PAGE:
Snow Patrol: Finnish Lapland

Snow Patrol: Finnish Lapland

Joanna Booth falls in love with Finnish Lapland

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Heading up above the Arctic Circle, I’d expected snow. I hadn’t expected it to snow upwards.

The water in the Paatsjoki river flows at a sedentary pace, hovering on the edge of freezing. It’s still a darn sight warmer than the air above it, and this clash in temperature causes the water particles to evaporate and then instantly freeze again.

Forget the science behind it – it looks quite magical, like a quietly levitating cloud of diamonds hovering up into the bright, crisp morning.

It’s not the only thing that seems enchanted about this corner of Finnish Lapland. As someone who has been spotted sunbathing under, rather than on, my towel, on a breezy day in the Med, I was worried about the cold. I feared that temperatures of -30C meant I would end up setting fire to my own clothes simply to stay warm. But somehow, the crisp, dry quality of the cold here, plus multiple layers of clothes, make it eminently bearable. I’ve actually felt more chilled to the bone in the fierce air conditioning of our London office.

But now I’m almost 1,500 miles northeast of London and more than 150 miles north of the Arctic Circle, near Saariselka, in the northernmost part of Finnish Lapland. At least, that’s what the map says. My inner child believes I’m in Narnia, such is the spellbinding quality of this great white wonderland.

The most perfectly powdery snow forms in deep drifts, and the sky – above a silent, still forest of pine trees – shifts from pink to bright blue to lavender over the course of each short winter’s day. And at night, well, that’s the most magical time of all. That’s when the northern lights come out to play.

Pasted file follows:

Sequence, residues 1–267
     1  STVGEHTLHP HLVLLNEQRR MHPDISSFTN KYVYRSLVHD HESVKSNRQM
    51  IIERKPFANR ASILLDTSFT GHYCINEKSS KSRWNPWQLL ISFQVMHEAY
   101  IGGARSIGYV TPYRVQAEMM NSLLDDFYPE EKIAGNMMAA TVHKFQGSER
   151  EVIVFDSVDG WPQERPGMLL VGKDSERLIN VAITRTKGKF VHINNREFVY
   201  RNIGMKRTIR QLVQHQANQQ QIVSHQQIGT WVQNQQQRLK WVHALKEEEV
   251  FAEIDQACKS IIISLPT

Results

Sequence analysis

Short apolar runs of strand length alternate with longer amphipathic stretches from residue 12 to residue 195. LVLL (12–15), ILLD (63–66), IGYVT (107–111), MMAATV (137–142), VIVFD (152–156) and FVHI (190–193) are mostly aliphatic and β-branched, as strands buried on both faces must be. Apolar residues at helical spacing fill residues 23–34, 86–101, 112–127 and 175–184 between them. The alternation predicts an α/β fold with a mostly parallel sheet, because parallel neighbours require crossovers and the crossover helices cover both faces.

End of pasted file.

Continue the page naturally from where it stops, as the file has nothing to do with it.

However, the lights are fickle friends. To see them frolic across the skies you need luck. It also helps to have an expert on hand.

And that’s just what I have, in the shape of Jouko Lappalainen, the owner of Muotkan Maja Wilderness Lodge and northern lights hunter extraordinaire.

As we set off up the Kakslauttanen fell, we pass a group of French tourists heading back to the warmth of a bar – unwittingly missing the witching hour for the northern lights. Jouko knows we’re most likely to spot them between 11pm and 2am.

Sure enough, not long after we reach the peak of the fell and set up my tripod, a faint glow forms above the horizon. Before long, whip-like tendrils of light are curling across the sky, shifting slowly as if controlled by some otherworldly wind.

With Jouko’s advice on camera settings, I’m soon snapping away and achieving results that, while unlikely to win prizes, are precious evidence that I saw this legendary phenomenon.

I show my photos to the same French group an hour and a half later. They’ve just come out again, intending to make a second aurora-hunting effort. Jouko advises them to try again tomorrow – at 11pm.

I saw the lights on two of the four nights I spent in this region of Finland with Taber Holidays, and each time was an utter thrill.

There are no guarantees, but the chances of a sighting here are good, according to Suzel Taber-Shaw, the operator’s managing director. “It’s the perfect destination from which to view the northern lights due to its remote location far away from light pollution on the edge of Finland’s Urho Kekkonen National Park,” she tells me.

Matti, the guide who took me snowmobiling across a frozen lake in search of the lights, said that in his many years of guiding he could recall only one group who’d stayed for a week and not seen the lights. And this year promises to be a fantastic one for the aurora – scientists at Nasa say the lights will reach an 11-year peak in strength this December – so now is a perfect time for clients to book.


But while the lights are commonly the catalyst for a wintry adventure trip, they’re just a small part of the fun once you get there.